As a true liberal and democrat, I will tell you that, on principle, the Legislature should avoid tinkering with popularly approved ballot initiatives, especially now that 71% of the voters turned down the effort to tinker with the minimum wage hike that only 55% of the voters supported back in 2014. (RL 20 went a lot better than I thought it might—even I underestimated the apparent crankiness one can provoke by not respecting the voters’ will.)

    As a liberal and a democrat, I will also tell you that if you show me that one section of IM 22 creates some enormous constitutional crisis or a practical disaster for the economy, democracy, the balanced budget, what have you, I will not oppose Legislative repeal of that one section while keeping the other 69 sections. I thinkIM 22 works well as one integral package of anti-corruption reforms for public officials, candidates, lobbyists, and donors, but in future hypotheticals, I’m not wedded to an impractical all-or-nothing dichotomy… just as you shouldn’t be wedded to a knee-jerk and misleading conservative-liberal dichotomy.

  5. Donald Pay 2016-11-17 17:18

    The Legislature has a lot of power. They could pass a law and make it go into effect only upon a vote of the electorate. I’m not sure that particular route has been declared by a court to be constitutional, but I can’t think why it wouldn’t be given other cases from South Dakota and elsewhere. One route that has been done in South Dakota is for the legislature to simply put a proposed measure on the ballot through a Joint Resolution. That route was declared constitutional in 1985 (a nuclear waste case), as part of the inherent powers of the Legislature.

  6. Donald Pay 2016-11-17 17:31

    I agree with Cory. Let the law play out for a year or two. See what the ramifications are. If the ramifications are large and unforseen, make whatever changes need to be made to fix the problems but which preserves the intent of the sponsors. Actually, get the sponsors involved in proposing or supporting any changes.

    I developed the concept for the Solid Waste Initiative (Pat Duffy and LRC reconfigured the language). The initiative had to be amended a few years down the road to take care of some unforeseen issues. DENR actually ran the change ideas by me to see how I would react. I had no real problem with what they wanted to do.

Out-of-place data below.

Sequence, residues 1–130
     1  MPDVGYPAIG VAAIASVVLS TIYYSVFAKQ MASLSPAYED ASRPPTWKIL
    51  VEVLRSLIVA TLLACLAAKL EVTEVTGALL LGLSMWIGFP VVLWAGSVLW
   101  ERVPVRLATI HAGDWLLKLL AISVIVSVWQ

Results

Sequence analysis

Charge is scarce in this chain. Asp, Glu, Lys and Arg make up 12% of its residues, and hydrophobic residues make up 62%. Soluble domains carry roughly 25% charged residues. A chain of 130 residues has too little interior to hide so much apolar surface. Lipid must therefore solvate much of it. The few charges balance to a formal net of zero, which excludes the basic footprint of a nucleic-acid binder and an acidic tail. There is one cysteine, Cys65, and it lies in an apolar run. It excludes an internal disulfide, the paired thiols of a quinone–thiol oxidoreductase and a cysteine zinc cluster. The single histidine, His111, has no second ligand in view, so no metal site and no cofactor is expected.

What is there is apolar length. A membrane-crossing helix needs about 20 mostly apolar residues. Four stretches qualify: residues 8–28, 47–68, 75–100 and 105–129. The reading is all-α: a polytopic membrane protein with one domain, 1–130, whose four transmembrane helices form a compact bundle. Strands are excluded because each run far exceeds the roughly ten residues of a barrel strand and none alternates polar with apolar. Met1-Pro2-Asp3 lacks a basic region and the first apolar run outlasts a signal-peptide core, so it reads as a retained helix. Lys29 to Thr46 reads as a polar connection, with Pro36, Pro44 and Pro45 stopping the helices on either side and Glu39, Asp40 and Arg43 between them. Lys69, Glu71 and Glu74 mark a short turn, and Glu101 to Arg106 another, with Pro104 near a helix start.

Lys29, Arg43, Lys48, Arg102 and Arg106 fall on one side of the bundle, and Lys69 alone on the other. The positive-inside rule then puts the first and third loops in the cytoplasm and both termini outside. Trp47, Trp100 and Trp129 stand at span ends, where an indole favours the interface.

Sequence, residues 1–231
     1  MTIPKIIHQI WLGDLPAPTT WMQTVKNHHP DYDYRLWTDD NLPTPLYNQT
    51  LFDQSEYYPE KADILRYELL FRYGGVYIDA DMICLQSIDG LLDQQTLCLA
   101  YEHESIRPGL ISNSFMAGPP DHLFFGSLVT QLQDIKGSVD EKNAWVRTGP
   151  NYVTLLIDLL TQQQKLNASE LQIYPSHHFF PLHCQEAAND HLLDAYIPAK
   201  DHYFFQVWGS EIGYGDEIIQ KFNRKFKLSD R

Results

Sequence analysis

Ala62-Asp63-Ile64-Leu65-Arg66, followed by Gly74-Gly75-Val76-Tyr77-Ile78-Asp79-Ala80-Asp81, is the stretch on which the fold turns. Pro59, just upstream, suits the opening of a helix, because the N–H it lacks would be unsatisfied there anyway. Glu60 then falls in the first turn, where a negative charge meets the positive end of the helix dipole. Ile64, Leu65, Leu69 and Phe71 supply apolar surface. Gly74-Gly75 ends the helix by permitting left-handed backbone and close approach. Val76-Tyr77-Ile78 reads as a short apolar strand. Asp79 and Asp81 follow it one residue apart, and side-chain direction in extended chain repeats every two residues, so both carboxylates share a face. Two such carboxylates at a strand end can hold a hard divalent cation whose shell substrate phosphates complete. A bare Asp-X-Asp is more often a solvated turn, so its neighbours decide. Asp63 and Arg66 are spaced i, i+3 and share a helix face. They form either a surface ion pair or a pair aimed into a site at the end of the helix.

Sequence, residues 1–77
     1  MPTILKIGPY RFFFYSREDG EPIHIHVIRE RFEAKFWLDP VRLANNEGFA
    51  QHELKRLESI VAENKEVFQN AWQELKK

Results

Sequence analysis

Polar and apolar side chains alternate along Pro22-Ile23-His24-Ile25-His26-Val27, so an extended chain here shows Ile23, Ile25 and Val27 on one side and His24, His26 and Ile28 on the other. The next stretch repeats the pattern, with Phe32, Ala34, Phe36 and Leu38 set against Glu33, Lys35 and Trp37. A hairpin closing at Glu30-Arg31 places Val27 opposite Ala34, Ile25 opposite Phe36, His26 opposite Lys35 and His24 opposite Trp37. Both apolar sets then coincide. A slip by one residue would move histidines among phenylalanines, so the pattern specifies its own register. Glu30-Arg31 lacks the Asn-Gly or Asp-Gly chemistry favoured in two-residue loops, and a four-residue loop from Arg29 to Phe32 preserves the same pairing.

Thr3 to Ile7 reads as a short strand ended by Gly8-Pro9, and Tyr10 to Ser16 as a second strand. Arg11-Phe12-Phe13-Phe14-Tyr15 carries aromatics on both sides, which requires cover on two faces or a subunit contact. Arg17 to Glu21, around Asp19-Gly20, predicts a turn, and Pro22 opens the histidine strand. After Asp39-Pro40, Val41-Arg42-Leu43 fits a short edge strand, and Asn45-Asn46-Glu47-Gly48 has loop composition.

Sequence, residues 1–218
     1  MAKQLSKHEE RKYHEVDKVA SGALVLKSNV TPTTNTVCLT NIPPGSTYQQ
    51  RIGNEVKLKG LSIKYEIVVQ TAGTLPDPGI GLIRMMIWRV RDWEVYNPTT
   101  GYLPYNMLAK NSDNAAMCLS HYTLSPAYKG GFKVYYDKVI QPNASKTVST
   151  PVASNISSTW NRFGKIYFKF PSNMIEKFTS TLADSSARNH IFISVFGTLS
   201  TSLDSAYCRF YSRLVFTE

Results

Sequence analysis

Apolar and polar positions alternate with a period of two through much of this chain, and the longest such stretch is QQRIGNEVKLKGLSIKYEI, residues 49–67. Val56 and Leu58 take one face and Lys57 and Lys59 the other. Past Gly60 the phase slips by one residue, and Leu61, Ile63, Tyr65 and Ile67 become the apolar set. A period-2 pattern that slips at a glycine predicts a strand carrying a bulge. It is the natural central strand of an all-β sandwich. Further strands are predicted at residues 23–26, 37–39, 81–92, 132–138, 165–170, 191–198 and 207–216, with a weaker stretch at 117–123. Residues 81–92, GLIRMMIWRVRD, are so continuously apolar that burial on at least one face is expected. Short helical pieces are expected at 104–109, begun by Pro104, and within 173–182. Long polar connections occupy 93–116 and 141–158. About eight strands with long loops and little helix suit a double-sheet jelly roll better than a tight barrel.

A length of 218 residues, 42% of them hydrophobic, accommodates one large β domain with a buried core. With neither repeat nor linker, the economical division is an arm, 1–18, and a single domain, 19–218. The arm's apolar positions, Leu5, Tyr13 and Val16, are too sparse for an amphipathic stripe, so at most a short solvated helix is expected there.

There’s nothing wrong with making changes for the better, or clarifications in an initiative. That’s really the job of the Legislature for the entire code. But, they do need to be respectful of the voters. A little heads up for the sponsors, and getting them involved early would show that respect.

  7. Rorschach 2016-11-17 17:52

    On the state’s #2 political website they are making “parade of horribles” claims about all of that bad things IM22 will supposedly do, but nobody is pointing to what section of IM22 they claim does these horrible things. The GOP Party whiners are claiming that IM22 will:

    force legislators to get divorced

    prohibit anybody and everybody from from having any kind of discussion with their legislators;

    prohibit legislators from running private businesses; and

    force private businesses to cancel company Christmas parties that legislators aren’t even invited to.

    Make both outgoing and incoming legislators criminals (presuming that they were not already)

    Force both incoming and outgoing legislators to buy their own meals. The horror!!!

  8. Donald Pay 2016-11-17 18:00

    Yeah, PP didn’t get that huge by resisting the lobbyist feeds. I don’t think the social events that are actually announced publicly and to which everyone is invited are that much of a problem, but the private one really are poisonous.

  9. grudznick 2016-11-17 18:02

    Slick Rick is laughing, he is laughing and laughing. I think he did this because in his libbie chest there beats the heart of a chaosist. It does seem that legislators who run private businesses cannot do business with any organization that has lobbyists. And their wives can’t work for anybody who has lobbyists. And this will take a lot of money away from good teachers and give it to politicians to bother us all with more ads.

  10. Tim 2016-11-17 18:08

    If state Republicans are bitching, it’s a good bet IM22 is a good law.

  11. grudznick 2016-11-17 18:28

    What grudznick thinks is funny is that this is going to hurt that handful of Democrats in the legislatures and they will have to just plug their nose and suffer it without saying anything. And those fellows who often buy me a free breakfast can just keep on doing so.

  12. Jana 2016-11-17 18:36

    Grudz, you’re active over at the lesser blog. Just a quick question, how large of gift is OK to bend a legislators ear and curry their favor? Sounds like $100 is just chump change…should it be raised to $1000?